Jobs in San Francisco, CA

  • 755,838 Resumes
  • 5,775 Jobs Available
  • 852,469 Population
  • $78,000 Average Salary
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San Francisco Jobs At A Glance

San Francisco At A Glance

What's it like to live in San Francisco?If you know The Mission, you're getting fat off burritos. You wonder if you'll ever get used to driving those steep hills they call streets. You treat walking like a nature hike with steps that go for days and streets that force you to walk at 90 degree angles. You're smart enough to know if the Giants are in town, stay home and watch the game. The traffic isn't worth it.The job market has its own humorous sides, depending on how you look at it. In May of 2014, website SFGate ran a story with the headline "S.F.'s new job problem: Everyone's working." Before packing your bags, read the following about San Fran's job market.

Job Market in San Francisco

Job Market in San Francisco

At the time of that SFGate article, the Bay Area was enjoying its lowest unemployment levels in years. It's recent numbers are at 4.2% versus the U.S. average of 5.2%. In the first quarter of 2015, average weekly wages in San Fran were a third higher than national figures ($1,669 vs. $1.048, respectively).The tourism industry is the backbone of the city's economy. That means anything associated with hospitality is a good bet. With over two dozen international financial institutions within its borders, financial services ranks high and makes the city a global financial center. The Bay Area is recognized as a techno paradise. The medical industry also lists high, with over 5% of the population employed here.If you want to hedge your chances of finding work in San Francisco, look into computer software engineer or analyst, web development, marketing management, secretarial and administrative assistant, and first-line supervision in retail sales.

Resume Tips For San Francisco Jobseekers

Resume Tips For San Francisco Jobseekers

Writing a resume that conveys skill, experience and education is never easy. It has to have a goal — get the interview! — and meet it in a concise manner. Here are five tips that will benefit any resume.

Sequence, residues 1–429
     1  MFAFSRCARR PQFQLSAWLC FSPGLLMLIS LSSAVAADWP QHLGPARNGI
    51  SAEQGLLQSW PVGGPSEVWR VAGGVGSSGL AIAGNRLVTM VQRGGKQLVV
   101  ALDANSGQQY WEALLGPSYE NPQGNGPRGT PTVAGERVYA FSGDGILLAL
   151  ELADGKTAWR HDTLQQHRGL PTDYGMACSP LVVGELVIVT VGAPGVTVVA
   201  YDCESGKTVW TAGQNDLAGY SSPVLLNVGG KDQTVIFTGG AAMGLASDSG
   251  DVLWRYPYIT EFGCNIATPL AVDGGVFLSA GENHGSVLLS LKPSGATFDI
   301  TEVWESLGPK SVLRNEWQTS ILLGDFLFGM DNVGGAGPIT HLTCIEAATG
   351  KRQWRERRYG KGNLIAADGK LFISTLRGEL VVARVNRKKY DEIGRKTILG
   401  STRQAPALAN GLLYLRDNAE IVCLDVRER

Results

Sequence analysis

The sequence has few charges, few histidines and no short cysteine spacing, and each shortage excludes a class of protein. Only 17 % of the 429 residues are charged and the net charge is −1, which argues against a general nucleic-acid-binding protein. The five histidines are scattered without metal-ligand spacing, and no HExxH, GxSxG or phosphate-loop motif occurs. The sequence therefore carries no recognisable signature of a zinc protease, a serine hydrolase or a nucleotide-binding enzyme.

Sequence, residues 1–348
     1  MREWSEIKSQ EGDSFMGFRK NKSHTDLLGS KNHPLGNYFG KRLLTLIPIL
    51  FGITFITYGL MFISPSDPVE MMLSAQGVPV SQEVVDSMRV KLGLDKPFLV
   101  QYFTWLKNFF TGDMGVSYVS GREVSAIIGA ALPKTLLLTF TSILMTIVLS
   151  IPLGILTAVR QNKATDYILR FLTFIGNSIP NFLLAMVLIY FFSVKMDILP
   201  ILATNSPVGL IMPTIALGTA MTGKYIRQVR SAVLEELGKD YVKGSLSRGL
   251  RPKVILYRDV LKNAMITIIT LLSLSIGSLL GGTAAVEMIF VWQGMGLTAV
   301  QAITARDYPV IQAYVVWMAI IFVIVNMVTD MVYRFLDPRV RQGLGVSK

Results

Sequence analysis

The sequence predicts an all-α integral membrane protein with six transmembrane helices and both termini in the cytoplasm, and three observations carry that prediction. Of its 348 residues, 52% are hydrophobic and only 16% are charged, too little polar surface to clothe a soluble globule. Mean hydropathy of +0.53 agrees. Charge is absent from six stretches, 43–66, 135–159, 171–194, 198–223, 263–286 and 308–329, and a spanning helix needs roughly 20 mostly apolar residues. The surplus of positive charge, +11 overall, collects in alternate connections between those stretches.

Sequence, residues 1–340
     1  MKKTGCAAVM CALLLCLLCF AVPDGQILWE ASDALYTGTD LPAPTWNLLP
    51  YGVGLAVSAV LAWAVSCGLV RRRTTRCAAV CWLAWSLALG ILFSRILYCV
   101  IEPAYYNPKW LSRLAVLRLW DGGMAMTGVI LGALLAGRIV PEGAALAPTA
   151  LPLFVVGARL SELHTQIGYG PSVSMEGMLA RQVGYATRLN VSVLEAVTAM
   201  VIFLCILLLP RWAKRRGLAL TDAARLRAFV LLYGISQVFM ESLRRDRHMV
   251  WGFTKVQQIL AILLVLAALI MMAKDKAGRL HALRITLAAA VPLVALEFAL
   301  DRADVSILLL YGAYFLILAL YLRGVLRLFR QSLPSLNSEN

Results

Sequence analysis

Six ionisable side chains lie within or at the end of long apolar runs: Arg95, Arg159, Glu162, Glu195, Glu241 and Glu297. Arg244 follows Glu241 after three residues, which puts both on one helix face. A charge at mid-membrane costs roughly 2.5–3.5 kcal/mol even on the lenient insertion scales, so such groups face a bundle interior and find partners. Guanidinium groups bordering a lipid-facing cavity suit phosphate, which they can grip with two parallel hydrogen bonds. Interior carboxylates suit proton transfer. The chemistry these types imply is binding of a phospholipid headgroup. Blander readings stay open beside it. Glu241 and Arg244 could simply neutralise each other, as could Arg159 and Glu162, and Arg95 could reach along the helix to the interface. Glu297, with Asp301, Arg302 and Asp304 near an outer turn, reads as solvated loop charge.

1. Focus content on what your contribution means to the employer. Avoid common statements and preferences like what you're seeking in a job. Outline what you have to offer.
  2. Sweat the small stuff. If you want the interview, everything about your resume has to be flawless. Consistent bullets, italicizing and bolding, clean borders, font sizes neither too small or too large. Your resume is an indicator of how organized you are.
  3. Do research about sectors in the region, such as the occupations and industries listed above. Establish where your talents and background are best suited, tailoring resumes and cover letters to impress hiring managers.
  4. Treat a resume like a marketing presentation. Fill it with numbers, statistics, percentages and stories.
  5. It's a good idea to not age yourself. Stick to recent experiences and highlight why you're good at what you do. Age discrimination may be unfair, but it exists. And not for reasons of age. Younger candidates can be as skilled and willing to work for less.

How to Find Jobs in San Francisco

How to Find Jobs in San Francisco

Competition is fierce. This is the home of Google, Apple, Bain & Company and more industry leaders than you could shake a burrito at. Be prepared to work hard.

  1. Look at what you consider a great place to work. Google is famous for skateboarding in the halls and setting down wherever you choose to work. You may appreciate that vibe, or prefer the privacy of cubes and structure. Find a culture that suits you and aim for it.
  2. Connect via informational interviews. It's not easy to get busy people to sit down and talk, but if you've cultivated solid contacts, you've increased the chances someone in the field can offer advice and insights.
  3. It can take time to find work. Keep yourself occupied with daily job search related activities, but also get all that stuff done you didn't have time for before.
  4. Don't sink in the solitude of job hunting. Join an industry-related club or job support group. You'll get to share ideas, strategies, hear about opportunities and, at the very least, know you're not alone.
  5. Make every interview the best conversation you ever had. Research employers, get there early, dress professionally, answer and ask questions confidently, and inquire about the next step in the process.